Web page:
Written by David Cockayne.

Today, China is not only one of the world’s fastest growing economies, but also, arguably, one of the most complex, interconnected political economic systems. This complexity is reflected no better than through China’s recent efforts to reform professional football (soccer) and develop a sustainable, globally recognised and competitive domestic league – the Chinese Super League (CSL).

The changes being made to Chinese football are perceived favourably by the private sector

In this short commentary I reflect on the policy changes introduced at the state level and the effects of this on the perceived commercial value of the league, reflected in changes to sponsorship type and (monetary) value across the league.

Why reform?

Derision for the national team’s lack of competitiveness and achievement on the international stage, allegations of corruption and problems of inconsistent governance have plagued the CSL for many years. In addition, China’s emerging consumer society is often targeted by European clubs looking to export their club products and images and their respective domestic leagues to an international audience, providing football lovers in China with a viable alternative to that on offer at the domestic level.

Since 2009, China has been trying to transition its economy to one driven by domestic consumption rather than being reliant on the export of manufactured goods to international markets. Sport – and leisure and entertainment industries more broadly – are seen as ideal locations in which to nurture domestic consumption.

Policies

To help reform the Chinese football industry, starting with the domestic league, state-level intervention emerged from the Chinese State Council. On 8 March 2015 the Chinese Football Reform and Development Program was introduced, spelling out immediate short-term and longer term objectives. Over the next 12 months, discussions took place on how to accelerate the development of youth football, leading to the introduction of Chinese football’s ‘Mid to Long-term Development Plan’ scheduled to run between 2016 and 2050.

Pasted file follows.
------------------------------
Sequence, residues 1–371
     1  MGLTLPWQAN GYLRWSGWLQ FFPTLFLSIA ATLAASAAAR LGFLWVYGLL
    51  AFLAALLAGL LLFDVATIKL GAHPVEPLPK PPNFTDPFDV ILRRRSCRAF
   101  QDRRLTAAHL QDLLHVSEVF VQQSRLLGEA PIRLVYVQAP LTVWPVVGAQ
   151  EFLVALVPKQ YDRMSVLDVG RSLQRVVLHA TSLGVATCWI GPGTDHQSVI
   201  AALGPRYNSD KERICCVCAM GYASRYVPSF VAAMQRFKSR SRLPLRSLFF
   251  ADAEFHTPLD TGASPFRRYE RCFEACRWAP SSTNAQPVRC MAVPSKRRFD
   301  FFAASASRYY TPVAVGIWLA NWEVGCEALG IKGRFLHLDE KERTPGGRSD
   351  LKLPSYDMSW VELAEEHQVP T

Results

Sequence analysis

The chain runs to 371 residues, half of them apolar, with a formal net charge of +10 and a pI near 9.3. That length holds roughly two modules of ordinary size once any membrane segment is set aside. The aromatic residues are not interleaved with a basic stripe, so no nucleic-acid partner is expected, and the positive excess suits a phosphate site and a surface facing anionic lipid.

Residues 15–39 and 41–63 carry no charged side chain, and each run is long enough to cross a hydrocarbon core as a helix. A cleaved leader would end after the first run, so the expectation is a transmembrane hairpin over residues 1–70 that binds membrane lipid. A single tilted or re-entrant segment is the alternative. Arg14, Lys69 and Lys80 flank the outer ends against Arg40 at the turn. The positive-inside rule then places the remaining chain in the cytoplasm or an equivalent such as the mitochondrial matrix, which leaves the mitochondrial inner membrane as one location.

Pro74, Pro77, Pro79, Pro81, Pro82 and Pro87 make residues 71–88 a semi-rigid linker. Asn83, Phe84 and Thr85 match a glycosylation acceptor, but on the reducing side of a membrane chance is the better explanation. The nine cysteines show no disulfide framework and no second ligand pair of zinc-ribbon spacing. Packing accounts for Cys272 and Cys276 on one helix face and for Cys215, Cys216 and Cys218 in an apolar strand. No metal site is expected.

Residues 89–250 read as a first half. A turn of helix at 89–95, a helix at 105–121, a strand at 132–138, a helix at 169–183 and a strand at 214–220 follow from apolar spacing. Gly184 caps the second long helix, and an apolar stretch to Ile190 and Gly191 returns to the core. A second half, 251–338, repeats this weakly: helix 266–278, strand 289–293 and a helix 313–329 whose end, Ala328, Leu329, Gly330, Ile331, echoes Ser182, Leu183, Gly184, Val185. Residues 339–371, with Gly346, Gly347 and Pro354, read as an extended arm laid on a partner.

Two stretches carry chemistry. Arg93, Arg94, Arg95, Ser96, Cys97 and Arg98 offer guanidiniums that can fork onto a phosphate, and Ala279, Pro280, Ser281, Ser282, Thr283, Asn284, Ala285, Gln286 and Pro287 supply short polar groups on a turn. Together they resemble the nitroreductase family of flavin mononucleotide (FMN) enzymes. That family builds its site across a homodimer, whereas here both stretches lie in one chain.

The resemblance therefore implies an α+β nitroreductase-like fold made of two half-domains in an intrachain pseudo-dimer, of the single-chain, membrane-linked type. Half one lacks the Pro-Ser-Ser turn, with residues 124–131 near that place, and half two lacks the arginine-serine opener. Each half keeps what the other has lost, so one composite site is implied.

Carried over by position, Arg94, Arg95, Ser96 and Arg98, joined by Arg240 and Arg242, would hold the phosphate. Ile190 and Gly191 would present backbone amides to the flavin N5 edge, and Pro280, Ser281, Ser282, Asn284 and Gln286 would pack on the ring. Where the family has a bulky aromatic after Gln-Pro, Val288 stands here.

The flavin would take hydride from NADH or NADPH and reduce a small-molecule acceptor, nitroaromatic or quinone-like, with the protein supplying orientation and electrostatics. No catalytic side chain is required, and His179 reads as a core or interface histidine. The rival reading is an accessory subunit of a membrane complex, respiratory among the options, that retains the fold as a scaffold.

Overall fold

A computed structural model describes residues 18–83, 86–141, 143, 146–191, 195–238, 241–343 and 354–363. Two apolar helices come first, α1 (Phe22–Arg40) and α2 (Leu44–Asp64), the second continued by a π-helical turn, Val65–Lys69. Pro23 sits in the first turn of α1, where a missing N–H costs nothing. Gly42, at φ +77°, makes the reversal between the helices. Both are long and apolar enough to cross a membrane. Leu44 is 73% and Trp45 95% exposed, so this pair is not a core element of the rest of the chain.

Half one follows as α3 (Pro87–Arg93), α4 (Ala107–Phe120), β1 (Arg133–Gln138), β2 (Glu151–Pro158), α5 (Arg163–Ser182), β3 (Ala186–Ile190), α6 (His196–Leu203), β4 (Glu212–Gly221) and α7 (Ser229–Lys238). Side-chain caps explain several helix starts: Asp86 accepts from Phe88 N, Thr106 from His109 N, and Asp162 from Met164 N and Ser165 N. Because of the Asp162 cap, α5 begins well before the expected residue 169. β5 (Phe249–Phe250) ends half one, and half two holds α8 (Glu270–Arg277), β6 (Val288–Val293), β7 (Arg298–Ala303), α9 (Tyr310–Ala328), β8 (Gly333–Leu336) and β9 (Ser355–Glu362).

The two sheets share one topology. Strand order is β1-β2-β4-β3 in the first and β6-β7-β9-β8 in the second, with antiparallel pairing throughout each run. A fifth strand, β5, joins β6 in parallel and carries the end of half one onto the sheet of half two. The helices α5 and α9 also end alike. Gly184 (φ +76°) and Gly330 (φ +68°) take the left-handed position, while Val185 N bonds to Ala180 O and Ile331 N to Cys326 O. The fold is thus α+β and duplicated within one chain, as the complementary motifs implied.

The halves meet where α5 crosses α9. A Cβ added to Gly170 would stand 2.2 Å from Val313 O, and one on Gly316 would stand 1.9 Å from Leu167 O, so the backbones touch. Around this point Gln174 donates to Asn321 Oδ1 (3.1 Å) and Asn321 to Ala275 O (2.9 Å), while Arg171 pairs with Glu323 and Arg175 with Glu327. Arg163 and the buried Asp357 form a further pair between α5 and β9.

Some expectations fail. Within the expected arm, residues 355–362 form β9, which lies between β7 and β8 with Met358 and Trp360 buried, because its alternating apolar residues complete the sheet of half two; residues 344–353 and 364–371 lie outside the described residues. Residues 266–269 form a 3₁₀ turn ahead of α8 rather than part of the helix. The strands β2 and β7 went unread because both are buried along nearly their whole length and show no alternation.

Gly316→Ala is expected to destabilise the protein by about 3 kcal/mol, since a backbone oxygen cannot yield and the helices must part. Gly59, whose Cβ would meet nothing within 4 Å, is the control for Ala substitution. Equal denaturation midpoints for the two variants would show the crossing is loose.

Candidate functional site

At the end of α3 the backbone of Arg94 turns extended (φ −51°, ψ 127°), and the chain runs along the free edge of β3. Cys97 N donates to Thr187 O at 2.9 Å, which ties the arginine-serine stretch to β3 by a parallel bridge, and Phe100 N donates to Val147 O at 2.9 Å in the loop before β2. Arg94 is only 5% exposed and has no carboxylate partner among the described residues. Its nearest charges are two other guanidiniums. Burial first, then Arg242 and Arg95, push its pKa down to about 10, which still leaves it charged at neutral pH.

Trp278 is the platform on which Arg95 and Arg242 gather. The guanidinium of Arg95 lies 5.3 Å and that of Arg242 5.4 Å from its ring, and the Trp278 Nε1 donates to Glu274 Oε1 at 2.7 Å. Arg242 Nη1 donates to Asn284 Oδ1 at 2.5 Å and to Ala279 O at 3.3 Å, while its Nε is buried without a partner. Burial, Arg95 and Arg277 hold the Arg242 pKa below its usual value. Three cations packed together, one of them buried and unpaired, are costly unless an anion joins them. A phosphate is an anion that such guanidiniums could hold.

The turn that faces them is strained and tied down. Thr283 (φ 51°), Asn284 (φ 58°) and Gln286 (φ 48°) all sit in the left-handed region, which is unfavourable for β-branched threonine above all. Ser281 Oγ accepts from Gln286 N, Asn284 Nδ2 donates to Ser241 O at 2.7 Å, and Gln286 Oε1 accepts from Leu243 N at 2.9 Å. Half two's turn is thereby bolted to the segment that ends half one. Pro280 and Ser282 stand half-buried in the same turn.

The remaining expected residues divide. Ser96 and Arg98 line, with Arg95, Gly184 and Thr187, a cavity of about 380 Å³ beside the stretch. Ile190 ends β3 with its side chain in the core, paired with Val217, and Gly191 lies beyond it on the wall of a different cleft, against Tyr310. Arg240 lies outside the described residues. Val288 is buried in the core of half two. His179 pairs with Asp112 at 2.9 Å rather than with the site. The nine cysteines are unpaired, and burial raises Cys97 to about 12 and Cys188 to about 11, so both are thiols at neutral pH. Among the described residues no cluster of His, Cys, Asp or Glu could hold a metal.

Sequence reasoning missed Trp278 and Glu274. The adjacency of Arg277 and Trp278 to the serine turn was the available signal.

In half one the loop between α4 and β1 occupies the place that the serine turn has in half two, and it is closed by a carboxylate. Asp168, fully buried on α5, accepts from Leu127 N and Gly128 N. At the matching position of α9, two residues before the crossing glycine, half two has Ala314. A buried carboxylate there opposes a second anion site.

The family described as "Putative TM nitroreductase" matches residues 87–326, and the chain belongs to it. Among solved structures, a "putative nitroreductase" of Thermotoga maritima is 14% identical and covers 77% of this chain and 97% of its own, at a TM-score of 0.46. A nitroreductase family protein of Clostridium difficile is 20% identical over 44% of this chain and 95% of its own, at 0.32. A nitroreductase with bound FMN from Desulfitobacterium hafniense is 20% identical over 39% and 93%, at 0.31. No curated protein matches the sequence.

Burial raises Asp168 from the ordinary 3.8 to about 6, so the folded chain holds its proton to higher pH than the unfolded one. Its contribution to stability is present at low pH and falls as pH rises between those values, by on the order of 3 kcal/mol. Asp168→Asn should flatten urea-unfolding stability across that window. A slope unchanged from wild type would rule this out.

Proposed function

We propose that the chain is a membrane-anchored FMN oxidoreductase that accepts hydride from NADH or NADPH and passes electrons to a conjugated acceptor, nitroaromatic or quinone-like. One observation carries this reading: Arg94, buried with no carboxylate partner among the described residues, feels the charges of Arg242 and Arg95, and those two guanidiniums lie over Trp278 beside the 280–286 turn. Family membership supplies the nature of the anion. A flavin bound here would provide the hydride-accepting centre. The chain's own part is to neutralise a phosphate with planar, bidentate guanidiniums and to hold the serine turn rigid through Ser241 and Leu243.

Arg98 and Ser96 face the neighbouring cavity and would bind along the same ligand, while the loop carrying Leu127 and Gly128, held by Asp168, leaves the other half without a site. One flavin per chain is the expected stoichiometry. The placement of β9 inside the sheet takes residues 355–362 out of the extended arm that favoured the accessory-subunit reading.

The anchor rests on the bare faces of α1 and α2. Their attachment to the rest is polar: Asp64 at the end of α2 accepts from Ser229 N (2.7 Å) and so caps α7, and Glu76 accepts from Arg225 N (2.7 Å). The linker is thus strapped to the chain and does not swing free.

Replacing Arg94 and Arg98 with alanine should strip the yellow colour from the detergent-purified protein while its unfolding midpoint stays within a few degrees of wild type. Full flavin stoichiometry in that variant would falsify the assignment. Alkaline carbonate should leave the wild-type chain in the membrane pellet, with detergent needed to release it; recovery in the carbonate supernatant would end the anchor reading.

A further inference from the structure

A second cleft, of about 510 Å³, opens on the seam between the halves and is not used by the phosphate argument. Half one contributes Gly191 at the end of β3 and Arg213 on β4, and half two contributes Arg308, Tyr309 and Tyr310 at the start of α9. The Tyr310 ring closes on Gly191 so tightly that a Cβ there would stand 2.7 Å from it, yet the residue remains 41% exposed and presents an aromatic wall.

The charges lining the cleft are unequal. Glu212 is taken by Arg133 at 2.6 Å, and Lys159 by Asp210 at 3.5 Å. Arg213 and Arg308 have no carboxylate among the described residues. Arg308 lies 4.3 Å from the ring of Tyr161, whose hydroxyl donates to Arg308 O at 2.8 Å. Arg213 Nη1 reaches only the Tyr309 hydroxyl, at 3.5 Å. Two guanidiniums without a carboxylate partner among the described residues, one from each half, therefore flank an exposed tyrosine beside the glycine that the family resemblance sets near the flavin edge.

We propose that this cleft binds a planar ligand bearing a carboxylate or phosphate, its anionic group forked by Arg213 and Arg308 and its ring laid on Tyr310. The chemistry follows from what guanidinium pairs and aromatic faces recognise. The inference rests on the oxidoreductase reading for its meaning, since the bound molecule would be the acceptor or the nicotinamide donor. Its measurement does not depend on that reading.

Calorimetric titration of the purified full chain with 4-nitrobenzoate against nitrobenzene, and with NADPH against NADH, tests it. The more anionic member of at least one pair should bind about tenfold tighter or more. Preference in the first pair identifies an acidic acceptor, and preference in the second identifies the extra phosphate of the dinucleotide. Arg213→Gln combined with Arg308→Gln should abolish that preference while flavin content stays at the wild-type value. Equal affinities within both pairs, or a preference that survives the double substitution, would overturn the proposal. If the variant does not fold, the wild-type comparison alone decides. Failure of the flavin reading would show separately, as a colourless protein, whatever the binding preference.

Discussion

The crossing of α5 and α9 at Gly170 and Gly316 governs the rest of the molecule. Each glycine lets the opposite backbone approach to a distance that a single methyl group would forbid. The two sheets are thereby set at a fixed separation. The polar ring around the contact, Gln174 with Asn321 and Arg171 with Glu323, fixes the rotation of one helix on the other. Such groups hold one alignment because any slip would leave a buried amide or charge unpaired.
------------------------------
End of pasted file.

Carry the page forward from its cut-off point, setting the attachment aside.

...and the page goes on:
In 2017 the re-structured Chinese Football Association (CFA) introduced a series of policies designed to help achieve this mid- to long-term strategy, starting with the introduction on 23 January 2017 of the Chinese Football Association 2020 Action Plan. This shorter term agenda was designed simply to create something of a wave of interest in the league and its member clubs, both at home and overseas.

The strategy consisted both of greater engagement with local football supporters and investment in improved facilities, and it was also designed to nurture investment in football from China’s private sector. However, the policy change also enticed private-sector Chinese organisations to invest in overseas football clubs, particularly in the European market.

Alongside these developments, CSL clubs invested heavily in bringing overseas players to China on contacts that eclipsed those on offer in more established footballing nations. These developments drew further criticism from within China, leading to more policy reforms being introduced by the CFA, including a limit on the number of foreign players that a Chinese team could use on match day and also a limit on investment opportunities for Chinese enterprises and entrepreneurs in overseas clubs, amongst others.

The CSL’s resulting exposure to international markets through new broadcasting opportunities also placed a strain on football policymakers, as player behaviour and referee performance drew scepticism from overseas spectators.  This has since led to the introduction of yet more policy reforms, including, most recently, a programme of financial rewards for clubs to achieve a net match time of at least 60 minutes. This policy was in response to accusations that players deliberately wasted time, based on an average CSL net match time (i.e. the number of minutes out of the full 90 minutes that the ball is actually in play) of just 49.4 minutes during the 2018-19 season.

Impact

The speed and intensity of the numerous policy reforms and their implementation underlines the importance to China of how its premier football league and constituent clubs are perceived both locally and globally. Measuring the effect of these reforms is difficult, particularly given how quickly they are implemented, changed and/or replaced.